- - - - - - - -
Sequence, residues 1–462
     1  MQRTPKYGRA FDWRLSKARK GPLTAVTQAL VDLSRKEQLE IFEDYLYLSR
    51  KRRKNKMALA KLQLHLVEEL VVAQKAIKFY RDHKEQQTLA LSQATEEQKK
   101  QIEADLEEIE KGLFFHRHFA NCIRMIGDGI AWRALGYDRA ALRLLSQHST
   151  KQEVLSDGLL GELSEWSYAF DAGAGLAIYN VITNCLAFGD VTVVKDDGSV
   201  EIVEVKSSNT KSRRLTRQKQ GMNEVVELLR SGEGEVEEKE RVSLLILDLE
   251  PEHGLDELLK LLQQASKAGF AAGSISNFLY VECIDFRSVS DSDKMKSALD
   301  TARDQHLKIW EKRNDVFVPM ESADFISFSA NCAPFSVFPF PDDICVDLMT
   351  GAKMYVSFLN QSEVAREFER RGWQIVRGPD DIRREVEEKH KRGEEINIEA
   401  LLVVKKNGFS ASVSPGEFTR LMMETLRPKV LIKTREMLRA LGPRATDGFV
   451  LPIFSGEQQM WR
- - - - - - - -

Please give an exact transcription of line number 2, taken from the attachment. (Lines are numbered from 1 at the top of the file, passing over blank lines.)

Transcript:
     1  MQRTPKYGRA FDWRLSKARK GPLTAVTQAL VDLSRKEQLE IFEDYLYLSR